Interview with Allegra Pescatore

Allegra grew up in a small village in northern Tuscany as the daughter of two artists. She grew up on the works of J.R.R Tolkien, C.S. Lewis, Phillip Pullman, Frank Herbert, and many others, all read aloud to her while she drew and played make-believe. She began to write at the age of eight and hasn't stopped since.


After many moves and dozens of countries visited, she now lives in a cozy cottage in Western PA. She is accompanied in her current adventures by husband Job, co-conspirator and long-time writing partner Tobias, and a small army of furry and scaly pets. When not writing or daydreaming, Allegra rules her kitchen with an iron first and feeds everyone who walks through her door. She also gardens, dabbles in various art forms and spins stories for her tabletop gaming group. As a disabled woman and staunch LGBTQ ally, Allegra hopes to write engaging, diverse, and representative Fantasy and Science Fiction, where people who do not often see themselves center stage get the chance to shine.




Love the covers to your books. Did you have an image in mind when they were created?



For Where Shadows Lie, which I did the cover for myself, I knew exactly what I wanted. The book very much kicks off with one of the POV characters killing someone, which lands her into a heap of trouble. I knew I wanted her on the cover, ideally holding a bloody knife. I was very fortunate to find just the right stock, and it turned out to be exactly what I wanted. For NACL: Eye of the Storm, it was a much harder choice. We ended up buying a pre-made for book 2 of that series, then commissioning the same artist to make a matching cover for book one. I was absolutely blown away by LLewellen design. I vaguely gave them an idea, and they came back with a stunning and very original cover.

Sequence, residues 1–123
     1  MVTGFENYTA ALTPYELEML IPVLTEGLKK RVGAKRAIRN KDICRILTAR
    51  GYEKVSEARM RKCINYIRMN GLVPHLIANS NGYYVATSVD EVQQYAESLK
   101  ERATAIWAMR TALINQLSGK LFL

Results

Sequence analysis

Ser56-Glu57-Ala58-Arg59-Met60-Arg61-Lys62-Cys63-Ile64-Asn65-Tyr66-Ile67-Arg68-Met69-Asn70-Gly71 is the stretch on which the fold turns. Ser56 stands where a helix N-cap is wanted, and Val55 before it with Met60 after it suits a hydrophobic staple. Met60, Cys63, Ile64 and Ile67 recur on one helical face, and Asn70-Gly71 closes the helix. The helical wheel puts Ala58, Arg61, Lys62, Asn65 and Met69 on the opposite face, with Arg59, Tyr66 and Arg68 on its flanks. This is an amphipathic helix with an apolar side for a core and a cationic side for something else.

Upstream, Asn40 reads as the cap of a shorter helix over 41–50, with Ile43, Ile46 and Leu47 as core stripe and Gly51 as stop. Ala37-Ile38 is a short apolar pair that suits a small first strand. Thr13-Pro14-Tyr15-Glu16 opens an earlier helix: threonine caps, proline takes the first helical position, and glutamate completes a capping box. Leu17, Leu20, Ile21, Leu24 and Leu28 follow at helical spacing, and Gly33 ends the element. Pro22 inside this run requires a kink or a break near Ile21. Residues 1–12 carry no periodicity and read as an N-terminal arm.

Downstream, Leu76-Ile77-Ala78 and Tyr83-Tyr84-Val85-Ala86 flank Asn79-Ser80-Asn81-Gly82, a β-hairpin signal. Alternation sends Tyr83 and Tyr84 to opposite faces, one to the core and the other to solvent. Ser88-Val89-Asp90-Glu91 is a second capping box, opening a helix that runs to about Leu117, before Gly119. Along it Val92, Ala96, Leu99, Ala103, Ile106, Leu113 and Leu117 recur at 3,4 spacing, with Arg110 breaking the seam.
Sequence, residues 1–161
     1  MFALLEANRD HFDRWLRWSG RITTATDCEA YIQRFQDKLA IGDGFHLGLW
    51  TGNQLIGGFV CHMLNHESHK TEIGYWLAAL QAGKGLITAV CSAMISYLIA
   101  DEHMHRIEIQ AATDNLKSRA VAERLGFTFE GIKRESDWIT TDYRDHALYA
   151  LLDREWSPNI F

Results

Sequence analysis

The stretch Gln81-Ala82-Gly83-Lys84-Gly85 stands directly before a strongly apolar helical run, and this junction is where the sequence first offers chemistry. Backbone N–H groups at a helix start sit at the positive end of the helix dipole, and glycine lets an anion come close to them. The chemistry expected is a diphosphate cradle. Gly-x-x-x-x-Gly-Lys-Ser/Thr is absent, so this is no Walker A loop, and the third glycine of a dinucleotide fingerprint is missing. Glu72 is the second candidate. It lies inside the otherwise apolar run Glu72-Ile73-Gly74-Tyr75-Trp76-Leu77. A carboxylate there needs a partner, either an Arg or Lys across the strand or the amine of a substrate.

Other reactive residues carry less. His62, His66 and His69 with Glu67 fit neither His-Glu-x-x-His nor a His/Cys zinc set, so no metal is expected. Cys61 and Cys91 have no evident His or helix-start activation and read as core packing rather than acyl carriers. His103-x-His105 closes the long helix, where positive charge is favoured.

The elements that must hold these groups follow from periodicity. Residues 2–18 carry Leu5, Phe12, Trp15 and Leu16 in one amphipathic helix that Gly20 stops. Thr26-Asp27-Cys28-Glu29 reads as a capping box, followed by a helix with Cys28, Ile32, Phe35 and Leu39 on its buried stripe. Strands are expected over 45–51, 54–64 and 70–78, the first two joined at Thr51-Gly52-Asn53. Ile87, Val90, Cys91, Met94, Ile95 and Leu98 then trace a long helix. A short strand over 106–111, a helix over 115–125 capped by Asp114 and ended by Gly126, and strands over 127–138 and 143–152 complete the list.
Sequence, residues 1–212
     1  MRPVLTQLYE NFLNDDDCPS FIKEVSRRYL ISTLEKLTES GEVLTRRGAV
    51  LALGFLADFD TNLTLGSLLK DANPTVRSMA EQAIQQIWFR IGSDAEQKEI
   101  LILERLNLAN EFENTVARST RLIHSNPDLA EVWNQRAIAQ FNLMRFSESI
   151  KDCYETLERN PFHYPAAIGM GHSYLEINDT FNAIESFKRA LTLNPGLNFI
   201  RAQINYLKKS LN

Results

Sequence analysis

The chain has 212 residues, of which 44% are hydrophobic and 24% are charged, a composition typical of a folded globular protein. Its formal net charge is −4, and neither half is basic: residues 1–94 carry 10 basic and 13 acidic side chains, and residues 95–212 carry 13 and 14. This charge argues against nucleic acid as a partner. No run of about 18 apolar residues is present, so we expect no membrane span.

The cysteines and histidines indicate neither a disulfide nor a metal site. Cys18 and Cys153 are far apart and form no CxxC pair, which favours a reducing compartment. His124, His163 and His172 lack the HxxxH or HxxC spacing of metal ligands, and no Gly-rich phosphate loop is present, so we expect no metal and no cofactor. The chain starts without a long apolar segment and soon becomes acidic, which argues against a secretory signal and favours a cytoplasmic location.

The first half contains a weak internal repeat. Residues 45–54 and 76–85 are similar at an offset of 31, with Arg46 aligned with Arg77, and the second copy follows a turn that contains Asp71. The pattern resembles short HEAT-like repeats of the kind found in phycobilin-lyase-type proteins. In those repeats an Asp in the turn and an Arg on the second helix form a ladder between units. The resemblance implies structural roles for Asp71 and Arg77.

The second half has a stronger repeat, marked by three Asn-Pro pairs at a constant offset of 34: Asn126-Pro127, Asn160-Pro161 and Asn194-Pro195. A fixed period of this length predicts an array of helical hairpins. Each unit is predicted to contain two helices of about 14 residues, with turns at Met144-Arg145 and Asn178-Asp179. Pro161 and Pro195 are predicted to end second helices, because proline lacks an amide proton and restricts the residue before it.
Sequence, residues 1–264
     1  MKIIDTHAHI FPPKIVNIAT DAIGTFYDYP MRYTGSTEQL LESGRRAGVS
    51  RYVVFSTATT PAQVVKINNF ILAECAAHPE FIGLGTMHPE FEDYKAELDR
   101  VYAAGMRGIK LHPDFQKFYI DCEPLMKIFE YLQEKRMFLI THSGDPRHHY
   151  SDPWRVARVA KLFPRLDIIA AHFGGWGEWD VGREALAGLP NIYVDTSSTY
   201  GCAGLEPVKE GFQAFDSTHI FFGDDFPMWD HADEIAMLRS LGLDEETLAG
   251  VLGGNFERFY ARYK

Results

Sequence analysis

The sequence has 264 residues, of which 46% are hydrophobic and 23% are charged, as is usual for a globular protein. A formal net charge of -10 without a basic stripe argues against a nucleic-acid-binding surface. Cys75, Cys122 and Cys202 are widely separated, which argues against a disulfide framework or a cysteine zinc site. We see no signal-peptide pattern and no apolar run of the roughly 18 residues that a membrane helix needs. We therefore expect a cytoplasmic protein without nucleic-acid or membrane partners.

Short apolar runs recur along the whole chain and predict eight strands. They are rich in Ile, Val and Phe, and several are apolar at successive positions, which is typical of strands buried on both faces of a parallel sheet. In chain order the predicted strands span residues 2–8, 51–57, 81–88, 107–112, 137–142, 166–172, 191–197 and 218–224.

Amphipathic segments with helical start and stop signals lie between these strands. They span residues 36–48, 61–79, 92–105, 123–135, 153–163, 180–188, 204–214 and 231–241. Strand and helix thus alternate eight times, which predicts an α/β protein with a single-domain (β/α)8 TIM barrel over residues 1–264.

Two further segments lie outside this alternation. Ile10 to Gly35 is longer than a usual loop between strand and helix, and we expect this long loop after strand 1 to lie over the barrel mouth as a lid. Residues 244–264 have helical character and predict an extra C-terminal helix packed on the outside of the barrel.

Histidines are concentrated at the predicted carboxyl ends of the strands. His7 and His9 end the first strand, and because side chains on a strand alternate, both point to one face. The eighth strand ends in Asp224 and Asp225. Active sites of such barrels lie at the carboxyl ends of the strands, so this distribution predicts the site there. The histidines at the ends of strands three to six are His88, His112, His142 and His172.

Are there clues to the stories in the covers?


Yes, there are! The stars in Where Shadows Lie are important for reasons that series has not yet made clear. The blood on the knife is also very significant, and if readers pay close attention, they may be able to figure out why. For my pirate story, there isn't anything mysterious, but I think it very much captures the strange mix of fantasy, sci-fi, dystopia, and adventure. It is a genre-bending book, and I really wanted the cover to show that. 



Who is your favorite Tolkien character?



No question there. It's Samwise Gamgee. He is my hero and who I aspire to be every single day. I found his journey to be both inspiring and poignant, and he fills me with hope every time I think of him. If I ever have a child, Sam is high on my list of possible names. 

Do you view writing as a kind of spiritual or therapeutic practice?

Sometimes, when the words are coming easily, it feels like flying and like a connection with the universe. Other times, when I'm struggling to get the words out, it feels like the challenge which will force me to grow. It seems to me like we create our own creativity to a certain extent through practice, and by developing the skills to better channel it. The more I write, the easier writing becomes, and the more enjoyment it brings. Usually, if it is a struggle, it means that either there is an error I have yet to discover, or I am approaching it stressed. Usually, once I take a breath and return to a place of loving what I'm working on, the problems solve themselves. 

What are you working on now?


I am currently working on a sequel to Where Shadows Lie, that picks off right where it left off. I am also working on a series of Fae Romance novellas with an amazing group of co-authors. Both of those should come out next year. Other than that, I'm dabbling